My recent column Top 5 Ways Big Customers Screw With Small Vendors points out that some buyers see sellers—that means you—as scapegoats. Buyers use the fact they needn't work with you on a daily basis as an excuse to vent their frustration by exploding at you.

Sometimes such customer-explosions are be triggered by something that you, or your company, did that wasn't to the buyer's liking. And sometimes the abuse seems to simply comes out of nowhere. Regardless, what's important isn't where it comes from, but rather how you deal with it.

Unfortunately, many sellers deal with this kind of behavior in exactly the wrong way. They sit there and take it, then meekly apologize.

That's the absolute worst thing you can do. 

The moment you let a customer bully you, you've completely lost that customer's respect.  Worse, you've set yourself up for a relationship of further bullying and abuse.

Here's a simple six-step recipe for defusing this situation.

  • STEP #1: Keep your pipeline full.  Bullies smell fear. The best way to be fearless, when you're selling, is never to rely entirely on a single customer to make your revenue numbers. If you know you've got plenty of buyers in waiting, you always have the option of simply walking out and moving on. 
  • STEP #2. Raise your own intensity level. When the customer begins to explode, you've got to get onto the same level in order to create rapport. You don't have to yell, but your voice must be firm and authoritative. If the conversation is face-to-face, you have to keep it eye-to-eye. Wear a serious expression that communicates clearly that you don't appreciate being yelled at and don't intend to be intimidated.
  • STEP #3. Call the customer's bluff.  You're a professional, not a doormat. State clearly that you're willing to help resolve the problem, but you're not going to be yelled at. Don't mince words. Demand respect. Make it absolutely clear that your help is dependent upon the customer's ability to behave in a civil manner.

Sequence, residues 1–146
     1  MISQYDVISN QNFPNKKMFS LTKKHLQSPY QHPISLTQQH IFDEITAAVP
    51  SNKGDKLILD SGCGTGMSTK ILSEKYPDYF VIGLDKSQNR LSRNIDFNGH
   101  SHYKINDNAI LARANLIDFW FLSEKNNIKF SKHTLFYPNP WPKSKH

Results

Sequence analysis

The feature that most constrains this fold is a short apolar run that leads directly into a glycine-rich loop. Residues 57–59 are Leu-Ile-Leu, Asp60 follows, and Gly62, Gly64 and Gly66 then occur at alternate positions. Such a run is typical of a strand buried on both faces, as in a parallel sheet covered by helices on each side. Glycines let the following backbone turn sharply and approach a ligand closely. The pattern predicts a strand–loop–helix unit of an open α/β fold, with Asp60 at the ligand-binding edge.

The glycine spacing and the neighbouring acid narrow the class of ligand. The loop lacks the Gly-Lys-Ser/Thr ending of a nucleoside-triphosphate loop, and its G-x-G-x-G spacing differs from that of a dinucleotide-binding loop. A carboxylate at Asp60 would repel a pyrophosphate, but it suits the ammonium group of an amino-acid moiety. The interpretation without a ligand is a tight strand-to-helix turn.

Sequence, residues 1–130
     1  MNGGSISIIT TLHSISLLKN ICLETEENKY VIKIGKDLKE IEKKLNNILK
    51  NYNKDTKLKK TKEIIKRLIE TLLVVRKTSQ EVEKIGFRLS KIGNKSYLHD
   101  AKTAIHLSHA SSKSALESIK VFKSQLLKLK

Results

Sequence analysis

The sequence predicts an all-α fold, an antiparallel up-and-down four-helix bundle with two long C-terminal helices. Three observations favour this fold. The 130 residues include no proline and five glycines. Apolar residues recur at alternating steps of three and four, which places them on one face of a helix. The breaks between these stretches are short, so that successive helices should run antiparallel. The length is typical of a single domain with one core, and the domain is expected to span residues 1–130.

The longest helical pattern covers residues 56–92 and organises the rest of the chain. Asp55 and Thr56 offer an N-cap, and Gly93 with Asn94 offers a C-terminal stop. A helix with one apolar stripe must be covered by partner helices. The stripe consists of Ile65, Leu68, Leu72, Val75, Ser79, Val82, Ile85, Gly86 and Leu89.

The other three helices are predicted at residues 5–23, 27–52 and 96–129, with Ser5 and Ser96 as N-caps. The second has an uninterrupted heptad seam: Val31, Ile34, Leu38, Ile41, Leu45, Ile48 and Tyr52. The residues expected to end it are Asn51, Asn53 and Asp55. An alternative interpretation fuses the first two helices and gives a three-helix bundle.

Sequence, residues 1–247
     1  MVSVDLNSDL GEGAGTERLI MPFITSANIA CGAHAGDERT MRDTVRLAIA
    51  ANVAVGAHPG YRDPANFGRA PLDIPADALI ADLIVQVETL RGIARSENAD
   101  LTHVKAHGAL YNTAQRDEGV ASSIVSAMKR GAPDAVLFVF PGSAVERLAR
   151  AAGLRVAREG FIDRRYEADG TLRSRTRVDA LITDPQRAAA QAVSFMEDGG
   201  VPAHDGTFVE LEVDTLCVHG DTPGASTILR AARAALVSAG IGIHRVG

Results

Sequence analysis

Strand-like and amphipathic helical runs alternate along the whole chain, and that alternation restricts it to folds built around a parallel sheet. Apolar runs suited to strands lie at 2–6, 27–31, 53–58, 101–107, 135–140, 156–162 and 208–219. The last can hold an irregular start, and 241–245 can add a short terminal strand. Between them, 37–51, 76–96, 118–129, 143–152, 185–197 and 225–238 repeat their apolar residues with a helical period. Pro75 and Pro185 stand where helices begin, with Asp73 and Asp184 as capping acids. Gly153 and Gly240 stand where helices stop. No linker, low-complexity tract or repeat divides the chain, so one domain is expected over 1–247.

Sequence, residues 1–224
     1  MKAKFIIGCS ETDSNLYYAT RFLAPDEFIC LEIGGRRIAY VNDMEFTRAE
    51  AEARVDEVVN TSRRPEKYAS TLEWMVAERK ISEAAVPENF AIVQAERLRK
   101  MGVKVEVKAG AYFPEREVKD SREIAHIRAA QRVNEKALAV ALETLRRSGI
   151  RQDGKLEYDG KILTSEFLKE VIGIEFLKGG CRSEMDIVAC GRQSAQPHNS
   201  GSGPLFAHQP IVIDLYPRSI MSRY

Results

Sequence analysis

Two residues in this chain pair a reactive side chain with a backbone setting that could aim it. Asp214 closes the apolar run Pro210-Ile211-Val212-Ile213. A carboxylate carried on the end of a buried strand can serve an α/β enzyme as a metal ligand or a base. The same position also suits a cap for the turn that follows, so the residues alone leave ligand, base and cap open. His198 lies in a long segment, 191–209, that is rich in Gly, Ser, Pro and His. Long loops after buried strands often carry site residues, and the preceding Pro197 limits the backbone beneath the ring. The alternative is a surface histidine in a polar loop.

• STEP #4. If the customer does not comply, end the conversation. Do this politely but firmly. State that you'll be glad to help once the customer is willing to treat you with the respect that you deserve. Make sure the customer knows how to contact you. Then leave. Never take abuse. No job is worth it.
  • STEP #5: Apologize appropriately for the problem. Once you've demanded and received civil behavior—then and only then—apologize for the inconvenience that the problem might have caused the customer. Make a commitment to resolve the problem.
  • STEP #6: Work on the problem. Now that you've established that you're not the customer's punching bag, go ahead and work the customer's issue.  Needless to say, you'll need to do a superlative job resolving the problem. But you were going to do that anyway, right? 

Just this weekend, I came across a perfect example of how to counter bullying in Steve Jobs's biography. Jobs was probably one of the worst bullies in the corporate world, often reducing people to tears. However, when Jobs yelled at his chief designer, the chief designer reacted very differently than did most people. He yelled right back. 

Guess who kept Jobs's respect? 

Along the same lines, I once worked for a bully who'd pick out a staff member at every meeting to yell at and berate.  The one staff member who wasn't treated this way was a woman who, when he tried it on her the first time, threw a pencil at him and told him to "stop acting like an a------."

In short, when you placate, you're just proving to the bully that you're weak and stupid.  The bully figures that if you had something valuable to offer, you wouldn't take the guff. 

By contrast, when you lay down the law and demand the respect due a professional, you're creating the credibility that the bully needs to see before he begins to trust that you can do the job.